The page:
So I'm new at all this. I'm just getting started training for some stuff next summer, and I did a 10K this fall (turkey trot) just for fun. I started out with a couch-to-5k plan in the spring through mid-summer, now my long run is seven miles, with three mile runs on two other days during the week, two bike rides a week (10-15 miles training and sometimes another 10 mile slow bike with my son), and just getting started with swims.
Next summer I'd like to do a half marathon in the beginning of June, a couple sprints (one in July, one in August) and then a marathon in October. This seems like a lot, but spread out OK...maybe?
Anyway, I'm reading and hearing a bunch about the winter time being a base building time- what do you mean by that? And what kind of base should I be thinking of for my type of goals for next summer? I'm not looking for record times or anything, just finishing without collapsing!
This is a great question and thanks for asking. This leads to a few different questions from the coaching side and let’s take a few different angles on this subject.
If you are new to running and or endurance sports, like it sounds, then you’ll want to work on building up your endurance and that should be the main focus of your program. We’ll get into that in a few minutes, but first let’s talk about what else you can do to improve outside of building endurance.
The main factor that inhibits progress in endurance sports is injury. This comes in many forms, obviously, but mostly it’s due to weak or imbalanced muscles. This can be corrected with an assessment from your physical therapist or certified personal strength coach. Once you have an idea of what your weaknesses are, you’ll need a plan to improve those issues and get your body moving well in cohesion.
I wouldn’t ever advise that someone increases mileage or volume without getting an assessment done and knowing what we are dealing with in terms of past injury or muscle imbalances.
The second most important factor that comes into play with endurance sports, is being consistent with training. That’s a lot easier to do when you aren’t nursing an injury or on the cusp of one. So, just to reiterate, get yourself checked out, and then you’ll be able to load the muscles with the stress needed to improve.
So, what does that look like? If your main focus is running, and you want to use the swim and bike workouts as recovery or just for fun, that’s great.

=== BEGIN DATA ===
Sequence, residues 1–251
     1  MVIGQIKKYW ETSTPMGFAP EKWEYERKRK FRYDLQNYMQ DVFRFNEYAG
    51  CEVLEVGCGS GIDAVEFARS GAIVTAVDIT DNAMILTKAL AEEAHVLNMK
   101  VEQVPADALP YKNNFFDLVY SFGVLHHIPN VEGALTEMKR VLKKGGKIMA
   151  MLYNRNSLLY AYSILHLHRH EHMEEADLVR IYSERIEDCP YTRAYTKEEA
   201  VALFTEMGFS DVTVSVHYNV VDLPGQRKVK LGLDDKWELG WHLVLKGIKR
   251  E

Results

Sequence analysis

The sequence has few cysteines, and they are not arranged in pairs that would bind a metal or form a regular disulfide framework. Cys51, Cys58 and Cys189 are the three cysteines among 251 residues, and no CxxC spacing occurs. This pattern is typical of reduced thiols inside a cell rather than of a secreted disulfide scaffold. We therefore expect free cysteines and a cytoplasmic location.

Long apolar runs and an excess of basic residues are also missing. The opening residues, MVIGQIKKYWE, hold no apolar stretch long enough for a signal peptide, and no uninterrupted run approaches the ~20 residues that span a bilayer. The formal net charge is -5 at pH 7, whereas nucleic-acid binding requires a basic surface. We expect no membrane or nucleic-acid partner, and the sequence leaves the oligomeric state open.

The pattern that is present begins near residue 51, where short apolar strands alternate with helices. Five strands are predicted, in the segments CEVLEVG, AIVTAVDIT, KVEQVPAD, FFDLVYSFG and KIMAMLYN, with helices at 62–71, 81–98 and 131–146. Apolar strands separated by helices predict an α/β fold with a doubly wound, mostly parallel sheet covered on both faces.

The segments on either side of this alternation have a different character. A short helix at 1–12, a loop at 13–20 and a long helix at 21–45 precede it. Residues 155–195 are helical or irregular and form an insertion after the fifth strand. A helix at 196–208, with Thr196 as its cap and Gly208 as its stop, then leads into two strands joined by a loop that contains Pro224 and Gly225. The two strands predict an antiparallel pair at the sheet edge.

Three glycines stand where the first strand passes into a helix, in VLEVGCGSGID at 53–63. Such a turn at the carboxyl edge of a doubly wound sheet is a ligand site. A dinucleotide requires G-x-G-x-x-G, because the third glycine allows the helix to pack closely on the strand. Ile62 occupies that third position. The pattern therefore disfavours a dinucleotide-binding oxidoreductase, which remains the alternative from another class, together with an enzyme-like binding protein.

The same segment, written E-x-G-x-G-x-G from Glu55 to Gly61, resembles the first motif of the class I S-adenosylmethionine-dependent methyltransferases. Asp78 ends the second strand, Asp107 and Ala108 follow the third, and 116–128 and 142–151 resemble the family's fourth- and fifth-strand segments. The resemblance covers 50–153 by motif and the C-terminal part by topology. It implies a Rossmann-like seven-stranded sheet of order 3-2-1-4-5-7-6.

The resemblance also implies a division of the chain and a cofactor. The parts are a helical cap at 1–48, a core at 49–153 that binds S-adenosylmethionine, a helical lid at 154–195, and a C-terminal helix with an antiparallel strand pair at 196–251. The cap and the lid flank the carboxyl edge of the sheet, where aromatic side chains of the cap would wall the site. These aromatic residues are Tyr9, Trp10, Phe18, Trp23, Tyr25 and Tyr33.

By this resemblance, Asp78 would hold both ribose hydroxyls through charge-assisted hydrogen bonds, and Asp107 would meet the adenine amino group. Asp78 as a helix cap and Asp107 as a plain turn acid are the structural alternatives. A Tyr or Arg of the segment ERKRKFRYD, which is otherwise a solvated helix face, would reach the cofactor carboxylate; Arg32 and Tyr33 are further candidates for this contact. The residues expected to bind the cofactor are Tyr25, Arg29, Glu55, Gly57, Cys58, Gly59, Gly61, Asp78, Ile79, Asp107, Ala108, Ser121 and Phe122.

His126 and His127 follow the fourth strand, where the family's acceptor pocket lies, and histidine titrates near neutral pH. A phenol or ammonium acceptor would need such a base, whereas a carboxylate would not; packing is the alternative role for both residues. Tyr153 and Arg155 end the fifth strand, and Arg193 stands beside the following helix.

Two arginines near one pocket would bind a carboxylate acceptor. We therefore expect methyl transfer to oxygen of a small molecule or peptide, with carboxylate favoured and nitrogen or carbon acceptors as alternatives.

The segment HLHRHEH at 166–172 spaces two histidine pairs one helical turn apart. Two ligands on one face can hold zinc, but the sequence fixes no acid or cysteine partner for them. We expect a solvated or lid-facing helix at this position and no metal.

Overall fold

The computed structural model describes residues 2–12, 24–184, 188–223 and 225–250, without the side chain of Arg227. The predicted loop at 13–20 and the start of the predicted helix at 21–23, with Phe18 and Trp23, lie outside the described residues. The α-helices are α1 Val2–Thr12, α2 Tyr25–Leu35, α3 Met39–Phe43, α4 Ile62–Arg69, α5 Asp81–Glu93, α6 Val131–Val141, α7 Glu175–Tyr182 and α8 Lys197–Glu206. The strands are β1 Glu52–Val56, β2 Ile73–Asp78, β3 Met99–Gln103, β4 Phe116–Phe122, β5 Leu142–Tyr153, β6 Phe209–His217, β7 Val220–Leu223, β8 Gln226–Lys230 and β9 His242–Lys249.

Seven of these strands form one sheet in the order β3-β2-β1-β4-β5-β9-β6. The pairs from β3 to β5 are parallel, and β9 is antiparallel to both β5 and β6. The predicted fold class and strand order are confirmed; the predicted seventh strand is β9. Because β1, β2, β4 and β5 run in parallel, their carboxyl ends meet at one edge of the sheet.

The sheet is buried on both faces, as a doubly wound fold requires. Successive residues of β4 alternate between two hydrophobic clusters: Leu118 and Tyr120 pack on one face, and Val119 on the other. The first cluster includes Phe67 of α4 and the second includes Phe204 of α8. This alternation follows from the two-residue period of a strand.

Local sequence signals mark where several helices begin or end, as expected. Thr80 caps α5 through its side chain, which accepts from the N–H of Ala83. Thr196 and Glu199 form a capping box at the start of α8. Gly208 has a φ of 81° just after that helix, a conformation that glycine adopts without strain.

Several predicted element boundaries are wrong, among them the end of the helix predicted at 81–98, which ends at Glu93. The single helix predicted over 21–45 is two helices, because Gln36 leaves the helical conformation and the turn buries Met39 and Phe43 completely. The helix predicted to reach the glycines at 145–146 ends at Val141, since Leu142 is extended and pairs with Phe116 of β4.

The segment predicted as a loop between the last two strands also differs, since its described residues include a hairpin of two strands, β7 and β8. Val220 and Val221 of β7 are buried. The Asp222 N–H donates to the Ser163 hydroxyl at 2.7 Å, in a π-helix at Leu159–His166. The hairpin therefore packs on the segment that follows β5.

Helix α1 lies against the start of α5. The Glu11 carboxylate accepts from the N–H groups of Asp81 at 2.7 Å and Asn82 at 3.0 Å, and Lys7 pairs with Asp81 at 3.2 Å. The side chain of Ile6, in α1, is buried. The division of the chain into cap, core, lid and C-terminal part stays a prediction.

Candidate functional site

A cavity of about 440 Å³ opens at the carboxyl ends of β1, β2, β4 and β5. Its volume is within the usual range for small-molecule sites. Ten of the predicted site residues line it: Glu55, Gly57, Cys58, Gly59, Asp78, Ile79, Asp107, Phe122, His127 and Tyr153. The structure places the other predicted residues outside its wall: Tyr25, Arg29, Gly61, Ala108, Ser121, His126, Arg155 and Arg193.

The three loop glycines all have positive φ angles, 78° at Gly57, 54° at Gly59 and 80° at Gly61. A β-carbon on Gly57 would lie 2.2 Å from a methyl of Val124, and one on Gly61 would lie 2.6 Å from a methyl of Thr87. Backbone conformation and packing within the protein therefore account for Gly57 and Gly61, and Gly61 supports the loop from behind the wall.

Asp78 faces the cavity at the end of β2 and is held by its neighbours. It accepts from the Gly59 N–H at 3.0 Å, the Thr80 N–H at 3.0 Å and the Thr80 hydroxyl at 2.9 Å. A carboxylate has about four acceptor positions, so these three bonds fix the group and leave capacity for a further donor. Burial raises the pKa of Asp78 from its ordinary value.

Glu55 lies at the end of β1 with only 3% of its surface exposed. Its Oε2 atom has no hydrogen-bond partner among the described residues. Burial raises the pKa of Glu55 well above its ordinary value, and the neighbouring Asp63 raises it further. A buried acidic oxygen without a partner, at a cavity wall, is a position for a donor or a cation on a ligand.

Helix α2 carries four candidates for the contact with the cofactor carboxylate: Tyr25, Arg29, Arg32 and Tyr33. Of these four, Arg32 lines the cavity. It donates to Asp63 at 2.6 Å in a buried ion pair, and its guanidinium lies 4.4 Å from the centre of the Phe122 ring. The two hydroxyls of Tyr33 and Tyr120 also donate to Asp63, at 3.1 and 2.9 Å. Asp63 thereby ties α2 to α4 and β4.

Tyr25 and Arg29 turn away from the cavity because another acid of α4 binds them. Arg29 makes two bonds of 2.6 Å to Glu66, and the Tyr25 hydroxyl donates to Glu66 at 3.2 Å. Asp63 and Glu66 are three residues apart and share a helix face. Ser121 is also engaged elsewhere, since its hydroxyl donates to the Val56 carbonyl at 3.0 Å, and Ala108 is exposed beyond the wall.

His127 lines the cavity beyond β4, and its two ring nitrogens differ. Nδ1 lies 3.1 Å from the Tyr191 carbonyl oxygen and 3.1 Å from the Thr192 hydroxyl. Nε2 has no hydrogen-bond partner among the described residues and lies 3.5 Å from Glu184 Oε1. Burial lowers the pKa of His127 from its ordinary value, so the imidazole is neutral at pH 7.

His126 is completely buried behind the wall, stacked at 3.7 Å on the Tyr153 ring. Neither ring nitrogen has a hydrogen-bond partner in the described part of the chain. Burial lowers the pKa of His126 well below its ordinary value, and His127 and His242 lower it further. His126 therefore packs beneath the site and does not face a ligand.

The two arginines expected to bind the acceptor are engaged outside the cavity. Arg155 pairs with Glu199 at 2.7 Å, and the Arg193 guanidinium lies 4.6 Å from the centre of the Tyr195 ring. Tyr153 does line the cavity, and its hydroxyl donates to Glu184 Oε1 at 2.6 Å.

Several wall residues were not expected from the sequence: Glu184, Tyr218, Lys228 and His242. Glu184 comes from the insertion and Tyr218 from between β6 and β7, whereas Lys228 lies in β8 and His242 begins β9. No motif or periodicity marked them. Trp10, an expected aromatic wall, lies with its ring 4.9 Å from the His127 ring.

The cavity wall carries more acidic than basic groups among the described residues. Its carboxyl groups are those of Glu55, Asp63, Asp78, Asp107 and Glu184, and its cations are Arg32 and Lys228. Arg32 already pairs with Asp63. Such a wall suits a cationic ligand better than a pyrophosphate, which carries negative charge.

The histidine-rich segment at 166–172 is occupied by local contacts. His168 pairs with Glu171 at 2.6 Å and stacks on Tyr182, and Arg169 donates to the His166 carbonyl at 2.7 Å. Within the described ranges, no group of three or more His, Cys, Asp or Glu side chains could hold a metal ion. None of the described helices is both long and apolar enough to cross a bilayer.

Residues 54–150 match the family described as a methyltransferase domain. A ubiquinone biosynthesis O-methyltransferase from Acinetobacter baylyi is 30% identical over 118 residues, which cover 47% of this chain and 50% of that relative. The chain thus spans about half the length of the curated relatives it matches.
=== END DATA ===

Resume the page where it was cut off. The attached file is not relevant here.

I would look at this year’s weekly mileage, and hopefully you logged your workouts, so you can see what your starting point is. One program that I like to use is called 3:2:1 Running. Basically you take your total weekly mileage and your run long would be 25% of the total mileage of that for the week. Your shortest run would be 1/3 the distance of the longest run, and your middle distance run would be 2x that of your short run.
Let’s look at an example: If your weekly long run is 10 miles, or say, 90 minutes, your shortest run would be 30 minutes and your mid-distance run would be 60 minutes. In addition, you would build up to three shorter runs, two middle distance runs, and one long run per week. That would be a total of six runs at the peak and you would run about four hours per week. The week would include 3 x 30 minutes runs, 2x 60 minute runs and then 1 x 90 minute runs. I think for half marathon training this is a perfect goal to have, even if you are running up to 2:15 for your half marathon. As you get closer to your race, you can adjust the long runs, maybe moving them up to two hours, meaning your shorter runs would be 40 minutes and your mid-distance runs would be 80 minutes
In terms of your overall winter training plan, I would incorporate the swims and bikes into the run program and set it up like such:
Swim: 2-3 days, focus on technique, with the help of a swim coach. These are low impact, low HR type of workouts, so I would treat them as recovery workouts.
Bike: since your longest race will be 12 miles, I wouldn’t put in too many long rides on the schedule in the winter. My goal would be to focus on pedaling drills 2-3 times per week and also some high intensity efforts too. One workout should be dedicated to drills – one leg spinning, high rpm spinning, some standing and aero bar riding. Another bike workout I would do would be a VO2 max workout. After a nice solid warm up, I would ride 10x30 seconds at a very hard effort with equal rest. This is enough work to start with and you can add a few reps every week or two. A third workout could be easy or you could add in some drills, but either would work!
For your running and winter base, I would be as consistent as possible and I would focus on being bullet proof. No injuries, no missed weeks of running and just focus on staying healthy! I hope this helps you line up your winter training!
Best of luck!